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Encyclopedia of the Antebellum South
     

Encyclopedia of the Antebellum South

by James M. Volo, Dorothy Denneen Volo, Dorothy Denneen Volo
 

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This comprehensive ready-reference encyclopedia of the history, people, events, places, movements, and issues of the Antebellum South is ideal for student use. Nearly 300 entries, selected for curriculum relevance with the assistance of historians and secondary school library media specialists, are organized alphabetically and thoroughly cross-referenced. The

Overview

This comprehensive ready-reference encyclopedia of the history, people, events, places, movements, and issues of the Antebellum South is ideal for student use. Nearly 300 entries, selected for curriculum relevance with the assistance of historians and secondary school library media specialists, are organized alphabetically and thoroughly cross-referenced. The entries cover all aspects of political, economic, military, social, and cultural history of what was an exceedingly complex period fraught with contradictions. Slave life and conditions, plantation society, political and reform movements, revolts, industrialization, profiles with statistics of each Southern state, and biographical profiles of 90 key personalities of the period contribute to the comprehensive coverage of the encyclopedia. Each entry concludes with a bibliography of further reading suitable for students. A chronology of events and more than 45 illustrations from the period complement the text.

The work is dedicated to the history of the South and the southern lifestyle as it was in the half-century before the Civil War and looks at certain events a decade or so outside of this period to provide continuity. The authors have carefully selected entries that reveal the southern perceptions of society, culture, and politics. The South's peculiar institution of slavery and the extension of slavery into the territories are examined not only as uniquely individual elements of antebellum southern society but as themes which permeated the attitudes, beliefs, and actions of the antebellum southerner. The many entries on slave life and conditions provide the reader with a great deal of pertinent information about the institution of slavery and the lives of those enslaved. Easy to use and comprehensive, this is an ideal reference work for schools and public libraries.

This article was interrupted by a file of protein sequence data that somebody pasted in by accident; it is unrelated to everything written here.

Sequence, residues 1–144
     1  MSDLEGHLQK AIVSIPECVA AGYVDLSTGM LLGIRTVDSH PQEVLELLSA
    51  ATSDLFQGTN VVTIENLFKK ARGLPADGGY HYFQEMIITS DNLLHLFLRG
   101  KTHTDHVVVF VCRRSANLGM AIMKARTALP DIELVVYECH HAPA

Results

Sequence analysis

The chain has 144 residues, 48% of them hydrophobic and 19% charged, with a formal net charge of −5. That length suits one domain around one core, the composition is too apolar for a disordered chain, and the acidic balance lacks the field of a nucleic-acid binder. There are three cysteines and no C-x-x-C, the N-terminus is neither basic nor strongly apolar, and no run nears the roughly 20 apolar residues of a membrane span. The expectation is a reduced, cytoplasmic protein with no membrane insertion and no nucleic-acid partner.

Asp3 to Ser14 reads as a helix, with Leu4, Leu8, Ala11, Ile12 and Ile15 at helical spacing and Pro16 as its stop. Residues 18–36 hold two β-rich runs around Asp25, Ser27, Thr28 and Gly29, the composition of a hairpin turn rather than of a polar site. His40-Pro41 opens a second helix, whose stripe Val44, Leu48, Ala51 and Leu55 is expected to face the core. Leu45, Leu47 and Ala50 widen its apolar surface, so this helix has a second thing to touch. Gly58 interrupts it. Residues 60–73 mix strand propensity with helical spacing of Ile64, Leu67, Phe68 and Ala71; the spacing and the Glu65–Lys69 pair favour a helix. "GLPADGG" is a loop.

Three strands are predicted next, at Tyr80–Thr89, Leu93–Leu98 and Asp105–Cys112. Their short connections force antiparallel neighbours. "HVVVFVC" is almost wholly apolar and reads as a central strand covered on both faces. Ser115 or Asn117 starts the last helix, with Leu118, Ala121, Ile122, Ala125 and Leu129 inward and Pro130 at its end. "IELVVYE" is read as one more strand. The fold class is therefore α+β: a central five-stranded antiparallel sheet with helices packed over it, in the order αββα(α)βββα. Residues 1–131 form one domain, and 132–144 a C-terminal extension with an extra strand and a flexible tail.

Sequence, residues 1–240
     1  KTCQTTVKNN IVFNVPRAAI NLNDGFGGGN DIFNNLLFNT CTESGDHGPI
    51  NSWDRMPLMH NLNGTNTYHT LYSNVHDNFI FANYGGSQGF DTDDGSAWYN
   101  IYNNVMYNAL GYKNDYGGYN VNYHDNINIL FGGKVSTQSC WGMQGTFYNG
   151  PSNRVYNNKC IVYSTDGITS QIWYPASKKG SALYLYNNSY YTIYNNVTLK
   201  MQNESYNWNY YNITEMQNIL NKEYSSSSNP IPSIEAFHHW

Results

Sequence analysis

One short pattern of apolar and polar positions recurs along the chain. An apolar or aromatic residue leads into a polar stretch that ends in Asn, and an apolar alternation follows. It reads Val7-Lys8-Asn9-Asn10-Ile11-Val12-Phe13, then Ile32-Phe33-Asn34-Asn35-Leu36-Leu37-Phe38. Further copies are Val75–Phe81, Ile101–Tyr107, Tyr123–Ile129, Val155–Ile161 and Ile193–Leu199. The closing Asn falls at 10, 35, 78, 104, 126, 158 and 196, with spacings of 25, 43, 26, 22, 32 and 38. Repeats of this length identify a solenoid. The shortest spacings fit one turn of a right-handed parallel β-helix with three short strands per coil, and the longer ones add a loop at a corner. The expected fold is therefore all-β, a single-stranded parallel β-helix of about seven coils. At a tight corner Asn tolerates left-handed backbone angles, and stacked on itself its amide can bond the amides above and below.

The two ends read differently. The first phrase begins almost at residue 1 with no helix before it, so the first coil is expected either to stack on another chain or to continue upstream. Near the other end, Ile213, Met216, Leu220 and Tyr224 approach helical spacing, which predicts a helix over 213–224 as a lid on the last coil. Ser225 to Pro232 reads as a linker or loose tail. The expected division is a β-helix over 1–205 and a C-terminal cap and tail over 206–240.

Editorial Reviews

VOYA
The antebellum South (1810-1860) was a time of contradictions, juxtaposing conditions of chivalry and brutality, hospitality and coldness, and self-sufficiency and dependence. The nearly three hundred alphabetically arranged entries, ranging from one paragraph to several pages, cover a variety of topics—people, places, events, beliefs, customs, politics, arts, and economics. Entries about each of the states are taken from an 1853 gazetteer. Less commonly found topics include banking institutions, hotels, fashion, bacon and pork, and courtship and marriage. As stated in the introduction, the authors stress several concepts throughout the book, among them nullification, romanticism, states' rights, and manifest destiny. They also examine slavery, discussing how it permeated southern society. There are cross-references within the entries, necessitating some flipping back and forth between pages but leading to further understanding of the topic. See and see-also references are provided as well. Each entry ends with suggested reading titles that are likely to be found in large public and college libraries. There are a few problems with facts and writing style. The one map of the antebellum South has taken the Eastern Shore from Maryland. Additionally, the information about John C. Calhoun is confusing, particularly about when he was Andrew Jackson' s vice president. There is a sentence about Jackson's dispute with Calhoun over tariffs in 1833, but Calhoun had resigned at the end of 1832 and was a senator in 1833. Some of the writing might be off-putting; Cassius M. Clay, a well-known southern emancipationist, is described as "thereafter being adjudged a lunatic." The book certainly is useful,however, for homework assignments, and students will gain a better understanding of the period. 2000, Greenwood, 390p, Index, Illus., Photos, Maps, Charts, Further Reading, Chronology, PLB. Ages 12 to 18. Reviewer: Susan H. Levine VOYA, February 2001 (Vol. 23, No.6)

Product Details

ISBN-13:
9780313308864
Publisher:
Greenwood Publishing Group, Incorporated
Publication date:
01/28/2000
Pages:
408
Product dimensions:
6.37(w) x 9.48(h) x 1.32(d)
Age Range:
13 - 17 Years

Meet the Author

JAMES M. VOLO is a teacher, historian, and living history enthusiast. He has been an active historic reenactor for more than two decades, participating in a wide range of living history events, including television and screen performance. With Dorothy Denneen Volo, he is co-author of Daily Life in Civil War America (Greenwood, 1998).

DOROTHY DENNEEN VOLO is a teacher and historian. She has been an active living history reenactor for twenty years and has been involved in numerous community historical education projects. With James M. Volo, she is co-author of Daily Life in Civil War America (Greenwood, 1998).

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